For me that has meant connecting deeply to the world of sports…a place that has always been an outlet for my nervous energy but also one where I feared that I couldn’t hang.  As a younger athlete, I lacked confidence and it became the thing that I most wanted to teach my kids, not just on the court, but in life, so they could find and pursue their passions, whatever those passions may be, and nothing makes me happier than to see them learn to lead doing what they love to do. We all need that place in life. As athletes my older two have had some of the highest highs, like achieving their dreams of playing at the Division 1 level, and also battled through lows like injuries (I think Lauren inherited my weak ankles) and heartbreak, (let’s get this reinstatement taken care of @gostanford), but above all  have come through difficult circumstances on and off the court that shape their character and build their resilience in life in a way that makes me so proud. Through my parenting journey, I have seen how much the world of coaching and parenting intersect, and how comparing our lives to anyone else’s, diminishes our potential to make the impact we were meant to make on the world.  Even saying you have the desire to make an impact is scary. It brings out the fear of failure and the dreadful feeling of imposter syndrome, that “who am I to" (fill in the blank). 

As humans we have a tendency to compare and even be jealous of what other people seem to be or have in their lives when all that does is contract our own unique path.  It’s got me thinking about the impact comparison and jealousy have on our happiness and performance, individually and as part of any team.  Teams come in many forms…work, families, sports, clubs…anything that has an established culture that we are a part of, for better or for worse. This week I had the privilege to get the feedback from an masterful Championship winning volleyball coach and a 2016 Olympian on how they handle these concepts in their own lives, and on their own teams. I’m so grateful for these conversations and connections, here is what they had to say:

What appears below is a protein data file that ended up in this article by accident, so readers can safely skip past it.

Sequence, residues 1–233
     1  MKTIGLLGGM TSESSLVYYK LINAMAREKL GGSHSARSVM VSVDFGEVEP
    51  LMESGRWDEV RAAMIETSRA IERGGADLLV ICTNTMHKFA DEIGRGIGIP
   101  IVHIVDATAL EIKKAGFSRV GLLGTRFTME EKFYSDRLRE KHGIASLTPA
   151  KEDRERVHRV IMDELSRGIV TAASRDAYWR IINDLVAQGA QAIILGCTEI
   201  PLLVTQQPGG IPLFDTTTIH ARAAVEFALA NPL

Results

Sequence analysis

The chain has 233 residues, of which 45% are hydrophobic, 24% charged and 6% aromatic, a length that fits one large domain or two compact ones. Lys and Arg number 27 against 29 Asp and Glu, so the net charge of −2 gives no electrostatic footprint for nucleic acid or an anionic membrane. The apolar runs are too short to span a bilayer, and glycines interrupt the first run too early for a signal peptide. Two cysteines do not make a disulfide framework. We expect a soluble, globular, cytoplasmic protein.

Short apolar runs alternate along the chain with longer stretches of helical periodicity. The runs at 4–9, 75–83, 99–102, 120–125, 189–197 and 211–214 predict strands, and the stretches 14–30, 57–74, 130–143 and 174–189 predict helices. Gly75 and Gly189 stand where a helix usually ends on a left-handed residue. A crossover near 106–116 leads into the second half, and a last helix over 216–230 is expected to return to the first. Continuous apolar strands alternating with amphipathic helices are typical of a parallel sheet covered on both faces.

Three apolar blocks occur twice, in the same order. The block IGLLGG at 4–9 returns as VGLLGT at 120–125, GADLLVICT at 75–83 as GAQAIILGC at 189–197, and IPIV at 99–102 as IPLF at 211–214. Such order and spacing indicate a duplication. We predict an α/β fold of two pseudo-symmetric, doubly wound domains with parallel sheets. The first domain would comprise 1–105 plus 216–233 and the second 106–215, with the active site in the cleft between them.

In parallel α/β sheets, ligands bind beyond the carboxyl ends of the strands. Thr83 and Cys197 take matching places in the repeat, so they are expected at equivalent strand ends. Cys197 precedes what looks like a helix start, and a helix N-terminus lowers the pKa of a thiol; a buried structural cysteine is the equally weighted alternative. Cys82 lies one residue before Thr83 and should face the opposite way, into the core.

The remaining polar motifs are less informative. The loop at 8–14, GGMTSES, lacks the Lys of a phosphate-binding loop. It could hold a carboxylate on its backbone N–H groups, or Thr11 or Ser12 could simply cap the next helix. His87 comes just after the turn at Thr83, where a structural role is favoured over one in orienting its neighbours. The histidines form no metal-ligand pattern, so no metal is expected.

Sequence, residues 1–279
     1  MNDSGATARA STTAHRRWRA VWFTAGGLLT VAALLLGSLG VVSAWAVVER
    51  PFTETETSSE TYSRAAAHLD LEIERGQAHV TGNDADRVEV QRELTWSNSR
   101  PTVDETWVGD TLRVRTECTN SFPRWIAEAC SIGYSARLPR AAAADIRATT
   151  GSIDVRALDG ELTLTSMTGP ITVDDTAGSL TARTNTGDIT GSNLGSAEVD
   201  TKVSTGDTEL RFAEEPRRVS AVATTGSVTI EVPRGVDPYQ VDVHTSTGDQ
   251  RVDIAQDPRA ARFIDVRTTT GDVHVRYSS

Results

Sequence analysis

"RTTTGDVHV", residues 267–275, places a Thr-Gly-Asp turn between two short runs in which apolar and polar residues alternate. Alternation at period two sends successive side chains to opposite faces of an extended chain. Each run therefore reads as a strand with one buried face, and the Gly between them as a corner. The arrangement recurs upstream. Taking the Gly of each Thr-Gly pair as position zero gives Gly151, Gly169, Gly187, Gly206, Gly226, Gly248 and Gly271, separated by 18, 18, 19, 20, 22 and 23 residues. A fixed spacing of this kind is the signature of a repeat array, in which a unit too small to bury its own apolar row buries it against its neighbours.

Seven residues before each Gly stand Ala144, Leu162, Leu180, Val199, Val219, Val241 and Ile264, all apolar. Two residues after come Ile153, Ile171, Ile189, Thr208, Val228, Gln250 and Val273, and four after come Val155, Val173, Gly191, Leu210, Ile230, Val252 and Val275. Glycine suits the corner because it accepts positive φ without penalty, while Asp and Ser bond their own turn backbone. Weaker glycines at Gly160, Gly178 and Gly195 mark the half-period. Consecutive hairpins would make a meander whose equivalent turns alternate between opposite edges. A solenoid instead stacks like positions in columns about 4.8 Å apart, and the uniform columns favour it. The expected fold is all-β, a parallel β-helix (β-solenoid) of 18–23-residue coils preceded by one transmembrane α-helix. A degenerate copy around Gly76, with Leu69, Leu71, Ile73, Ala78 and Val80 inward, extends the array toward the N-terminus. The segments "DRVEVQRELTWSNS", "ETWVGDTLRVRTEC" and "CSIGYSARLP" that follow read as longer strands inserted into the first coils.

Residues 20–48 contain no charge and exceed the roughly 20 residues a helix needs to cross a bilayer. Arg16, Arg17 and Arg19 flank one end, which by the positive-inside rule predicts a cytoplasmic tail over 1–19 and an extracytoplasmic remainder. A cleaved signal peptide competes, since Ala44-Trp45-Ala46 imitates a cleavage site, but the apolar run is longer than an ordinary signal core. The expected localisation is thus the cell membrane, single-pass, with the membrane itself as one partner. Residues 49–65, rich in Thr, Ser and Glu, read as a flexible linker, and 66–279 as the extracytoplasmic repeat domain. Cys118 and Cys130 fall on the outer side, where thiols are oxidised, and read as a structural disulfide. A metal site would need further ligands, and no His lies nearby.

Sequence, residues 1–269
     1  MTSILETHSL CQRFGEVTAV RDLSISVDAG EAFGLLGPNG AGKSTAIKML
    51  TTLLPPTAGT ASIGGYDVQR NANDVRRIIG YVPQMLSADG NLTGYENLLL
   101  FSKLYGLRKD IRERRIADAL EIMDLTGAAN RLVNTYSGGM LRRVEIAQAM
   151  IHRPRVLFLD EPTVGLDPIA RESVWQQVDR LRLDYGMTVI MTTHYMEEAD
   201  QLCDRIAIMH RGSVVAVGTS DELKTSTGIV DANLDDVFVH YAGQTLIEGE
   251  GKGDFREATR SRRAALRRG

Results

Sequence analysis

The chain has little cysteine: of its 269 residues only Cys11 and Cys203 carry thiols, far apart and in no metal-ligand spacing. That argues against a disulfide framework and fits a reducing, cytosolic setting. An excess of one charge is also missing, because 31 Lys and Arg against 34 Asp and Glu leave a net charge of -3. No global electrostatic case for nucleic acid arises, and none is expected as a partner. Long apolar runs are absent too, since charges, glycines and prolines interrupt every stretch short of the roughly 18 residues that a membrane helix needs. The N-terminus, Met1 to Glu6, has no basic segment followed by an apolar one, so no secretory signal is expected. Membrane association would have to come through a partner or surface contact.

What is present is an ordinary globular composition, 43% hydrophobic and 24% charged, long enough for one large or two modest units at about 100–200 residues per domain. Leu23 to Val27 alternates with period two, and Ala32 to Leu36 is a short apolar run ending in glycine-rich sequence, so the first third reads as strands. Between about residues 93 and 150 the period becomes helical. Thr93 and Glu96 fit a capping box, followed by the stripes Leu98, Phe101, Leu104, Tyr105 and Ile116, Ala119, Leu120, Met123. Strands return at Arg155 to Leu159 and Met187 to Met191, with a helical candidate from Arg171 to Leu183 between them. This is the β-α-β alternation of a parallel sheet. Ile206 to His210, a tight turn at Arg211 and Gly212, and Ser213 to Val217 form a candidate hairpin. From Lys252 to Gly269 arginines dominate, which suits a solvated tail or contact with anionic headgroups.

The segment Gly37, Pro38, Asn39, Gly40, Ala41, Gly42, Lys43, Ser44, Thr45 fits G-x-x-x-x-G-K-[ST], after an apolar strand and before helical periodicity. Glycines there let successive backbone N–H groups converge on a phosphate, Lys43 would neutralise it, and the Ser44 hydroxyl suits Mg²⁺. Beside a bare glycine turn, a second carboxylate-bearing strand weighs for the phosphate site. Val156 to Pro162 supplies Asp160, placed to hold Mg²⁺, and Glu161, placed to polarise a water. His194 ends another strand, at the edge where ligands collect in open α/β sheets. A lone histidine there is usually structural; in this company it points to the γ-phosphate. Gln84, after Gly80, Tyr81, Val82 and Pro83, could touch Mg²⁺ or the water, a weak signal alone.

“Everyone on a team has to feel like they are an integral part of the team.  People may have different roles on a team/organization, but each individual needs to feel appreciated, they add value to the central mass, and that they have freedom to fulfill their individual role. As the leader, I need to convey to the troops what is the environment that THEY would like to be part of.  I then give verbal praise in front of the entire group whenever I see actions of the culture we want.  Then almost a competition can develop of who can do the most “positive actions”, because generally people like to be praised! One of the first messages I will say after saying “hello” is that we are not going to have jealousy for one another.  If I give praise to someone for positive actions, we are NOT going to talk negatively about the “doer of good deeds”.  I ask for each team member to take a symbolic one step forward if they agree to not to be jealous of the doer. Then when I give the first positive comments to someone in front of the group, I will IMMEDIATELY joke and say to the group something like, “hey, we’re not mad at so and so are we?”. At the end of the practice, I ask for players to nominate one another as the “player of the practice” and the players have to be SPECIFIC why they are nominating a teammate (“Suzy reassured me after I mad an error”, “Sally’s servers were on and scored many points”, “Sam had that one incredible dig”.  I make a point we want to honor physical plays AND selfless actions as well.  This makes the less athletic kids know they can be honored by being selfless teammates. -Tommy Chaffins, Prep Volleyball Coach of Year, Max Preps Coach of Year, Daily Breeze 11x Coach of Year, Redondo Union High School Head Coach (and someone I have seen personally create culture where teenage girls learn to both support each other and compete!)